Pumpkin Hummus + Fall Tortilla Chips

I realize Halloween is over, but can you handle one more pumpkin recipe? I know I can, but then again, I could eat pumpkin pie every day whole year round. For others less out of their gourd for gourds, now that it’s November, pumpkin fatigue may have set in. Understandable. But I hope you’ll make an exception for this Pumpkin Hummus recipe, because not only is it easy, unique, and tasty, it’s also super fun to make with DIY fall-shard tortilla chips.

Aren’t they cute?

When it comes to making hummus, the main thing that usually stands in my way is that I suffer from what I think of as Tahini Block. As in, I really, really don’t want to spend eleven bucks on a jar of ground sesame seeds ¬†when all I’ll use is a couple of tablespoons at the most. Therefore, I generally refrain from homemade hummus unless I can use a tahini-free recipe. This one fits that description! Though tahini adds a signature flavor, as a general rule hummus is extremely adaptable. As long as it starts with beans and ends up with a nice consistency, I say you’re safe to call it authentic even if no tahini is involved.

Now let’s talk tortilla. DIY fall shaped tortilla chips, to be exact. Of course you could buy tortilla chips at the store–I mean, who really¬†needs to make their own chips?–but once you’ve cut your own shapes with delightful fall-themed cookie cutters, there’s no going back. Pumpkin and leaf-shaped dippers add a whole extra layer of seasonal character alongside this pumpkin hummus.

So for your next play date, Thanksgiving potluck, or Tahini Avoiders Anonymous meeting, give this fun combination a try!


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Pumpkin Hummus + Fall Tortilla Chips
A savory, tahini-free pumpkin hummus paired with fun DIY tortilla chips!
Course Appetizer
Prep Time 10 minutes
Servings
Course Appetizer
Prep Time 10 minutes
Servings
Instructions
To make the hummus:
  1. Place garlic clove in the bowl of a food processor and run on low briefly to mince. Add all remaining ingredients and process until smooth. Serve garnished with pepitas, if desired.
To make the chips:
  1. Preheat oven to 350 degrees. Line a rimmed baking sheet with aluminum foil.
  2. Using fall-themed cookie cutters, cut shapes out of tortillas. (You can either discard the remaining tortilla scraps or include them for other, funky-shaped chips.) Spray both sides of cutouts lightly with olive oil cooking spray, then sprinkle to taste with herbs and spices. (Or for sweet chips, try sprinkling with cinnamon and sugar.)
  3. Place on prepared baking sheet and bake 7 minutes, then flip chips and bake another 7 minutes. Serve with pumpkin hummus.
Recipe Notes

A Love Letter to Food Original Recipe

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Roasted Chickpea Pitas

I think if I were a chickpea, I wouldn’t be very happy. Poor chickpeas. They’re always getting mashed, pounded, and ground up for things like hummus and falafel, or playing second fiddle as a side dish to meat. It’s rare that you eat anything in which chickpeas in their whole, unadulterated form take center stage. Can’t we give these little guys their time to shine?

Why yes, we can, in the form of Roasted Chickpea Pitas!

This tasty vegetarian Mediterranean meal features whole chickpeas roasted in a piquant blend of seasonings and paired with caramelized red onions. Finished off with some spinach, tomato, and creamy tzatziki sauce in a whole wheat pita, it’s a super healthy choice for dinner or a one-dish lunch. Every time I eat it, even without adding a side, it keeps me full for hours–probably because of all the “good carbs” found in the whole wheat and beans. Plus, chickpeas contain plenty of protein and even a little unsaturated fat. Can you really go wrong by adding more of them to your diet?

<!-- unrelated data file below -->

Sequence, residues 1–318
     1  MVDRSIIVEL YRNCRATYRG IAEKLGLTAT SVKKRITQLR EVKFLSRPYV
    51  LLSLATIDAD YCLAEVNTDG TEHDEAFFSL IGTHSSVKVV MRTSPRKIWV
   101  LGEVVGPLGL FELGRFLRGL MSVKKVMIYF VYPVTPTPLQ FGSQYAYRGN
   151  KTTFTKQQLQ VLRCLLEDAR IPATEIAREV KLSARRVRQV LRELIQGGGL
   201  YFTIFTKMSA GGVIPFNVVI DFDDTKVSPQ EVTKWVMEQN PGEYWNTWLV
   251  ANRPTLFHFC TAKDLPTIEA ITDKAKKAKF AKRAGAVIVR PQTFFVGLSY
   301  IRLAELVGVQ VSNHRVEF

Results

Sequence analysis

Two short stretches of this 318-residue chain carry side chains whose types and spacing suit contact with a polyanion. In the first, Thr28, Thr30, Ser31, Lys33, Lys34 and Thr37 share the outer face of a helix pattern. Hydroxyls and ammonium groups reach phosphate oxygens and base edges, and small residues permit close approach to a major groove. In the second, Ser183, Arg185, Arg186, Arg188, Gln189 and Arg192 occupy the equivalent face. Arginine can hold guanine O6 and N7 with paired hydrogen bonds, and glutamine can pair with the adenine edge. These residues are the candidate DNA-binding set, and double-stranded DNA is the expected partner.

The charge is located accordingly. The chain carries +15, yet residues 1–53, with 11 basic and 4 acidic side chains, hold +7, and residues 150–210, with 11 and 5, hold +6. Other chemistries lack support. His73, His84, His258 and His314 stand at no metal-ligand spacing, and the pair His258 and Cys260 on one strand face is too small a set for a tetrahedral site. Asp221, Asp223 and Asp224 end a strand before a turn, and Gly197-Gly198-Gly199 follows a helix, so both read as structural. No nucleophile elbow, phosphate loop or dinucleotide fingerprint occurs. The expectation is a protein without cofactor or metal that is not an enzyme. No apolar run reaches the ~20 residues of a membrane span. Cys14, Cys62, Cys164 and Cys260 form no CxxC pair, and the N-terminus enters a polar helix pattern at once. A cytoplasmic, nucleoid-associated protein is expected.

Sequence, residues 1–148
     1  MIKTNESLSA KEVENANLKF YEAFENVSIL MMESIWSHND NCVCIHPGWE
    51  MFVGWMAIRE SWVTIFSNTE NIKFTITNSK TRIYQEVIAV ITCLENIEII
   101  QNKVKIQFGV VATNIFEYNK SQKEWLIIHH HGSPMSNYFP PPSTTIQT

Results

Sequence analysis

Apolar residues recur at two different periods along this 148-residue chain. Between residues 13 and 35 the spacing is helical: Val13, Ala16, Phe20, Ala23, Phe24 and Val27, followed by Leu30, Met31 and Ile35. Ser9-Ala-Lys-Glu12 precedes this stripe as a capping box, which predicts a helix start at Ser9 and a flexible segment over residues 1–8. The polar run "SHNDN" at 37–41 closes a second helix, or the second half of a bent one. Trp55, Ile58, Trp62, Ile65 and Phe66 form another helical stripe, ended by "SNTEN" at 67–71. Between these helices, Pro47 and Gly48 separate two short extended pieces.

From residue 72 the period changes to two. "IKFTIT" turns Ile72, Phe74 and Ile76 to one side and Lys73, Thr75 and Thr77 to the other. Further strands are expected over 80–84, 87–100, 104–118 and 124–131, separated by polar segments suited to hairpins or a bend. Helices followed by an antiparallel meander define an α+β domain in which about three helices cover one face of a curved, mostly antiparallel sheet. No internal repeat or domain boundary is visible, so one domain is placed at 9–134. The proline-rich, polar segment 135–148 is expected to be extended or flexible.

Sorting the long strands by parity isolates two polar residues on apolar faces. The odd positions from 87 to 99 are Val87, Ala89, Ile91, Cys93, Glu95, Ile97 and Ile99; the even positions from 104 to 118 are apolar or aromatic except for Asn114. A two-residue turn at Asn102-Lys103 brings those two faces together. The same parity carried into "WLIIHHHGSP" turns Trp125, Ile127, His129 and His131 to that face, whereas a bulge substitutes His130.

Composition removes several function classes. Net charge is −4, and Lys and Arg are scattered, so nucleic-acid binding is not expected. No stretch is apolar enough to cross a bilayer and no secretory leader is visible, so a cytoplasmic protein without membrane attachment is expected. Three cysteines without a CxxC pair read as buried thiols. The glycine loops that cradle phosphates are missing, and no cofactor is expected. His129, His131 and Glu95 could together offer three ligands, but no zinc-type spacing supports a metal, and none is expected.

So if I were a chickpea, I’d like to think I’d approve of this recipe (even though I’d have to be roasted in a 400 degree oven). Worth it.


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Roasted Chickpea Pitas
Spiced roasted chickpeas and cool tzatziki sauce make a hearty filling in these pitas.
Prep Time 15 minutes
Cook Time 20 minutes
Servings
Ingredients
For the roasted chickpeas:
Prep Time 15 minutes
Cook Time 20 minutes
Servings
Ingredients
For the roasted chickpeas:
Instructions
Make the chickpea filling:
  1. Preheat oven to 400 degrees and spray a large baking sheet with cooking spray.
  2. In a large bowl, stir together chickpeas and sliced red onions. Pour olive oil and all spices over the mixture, stir to toss, and spread on the prepared baking sheet. Bake 20 minutes, stirring once halfway through baking.
Make the tzatziki sauce:
  1. Meanwhile, make the tzatziki sauce by combining all ingredients in a small bowl.
Assemble the pitas:
  1. Assemble the pitas by filling them with the chickpea mixture, tzatziki sauce, spinach, tomato, and/or feta.
Recipe Notes

Inspired by Live Eat Learn.

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Stetson Chopped Salad

If you follow A Love Letter to Food on Facebook, you may have seen this picture before. (And if you haven’t liked my Facebook page yet, I’d be most honored if you would!) A few days ago was my birthday, and as an avid–or obsessive, depending on how you look at it–home cook, I typically would rather make something truly spectacular at home for my birthday dinner than go out. This Stetson Chopped Salad was THE ONE dinner I knew would be birthday-worthy this year.

What is a Stetson Chopped Salad? (And who in their right mind chooses a salad for their birthday dinner?) Well, in the Phoenix area, the Stetson is a local food celebrity. It’s pretty impressive for any salad to attain celebrity status, but somehow, sometimes, it happens. After all, you’ve heard of Cobb, Waldorf, and Wedge. These famous salads are like the old Hollywood starlets of healthy American cuisine. Classic, standard, glam. The Stetson Chopped Salad, on the other hand, is like the up-and-coming Western girl hitting the big time. Its humble origin lies with Cowboy Ciao, a restaurant located, appropriately, on Stetson Drive in Scottsdale.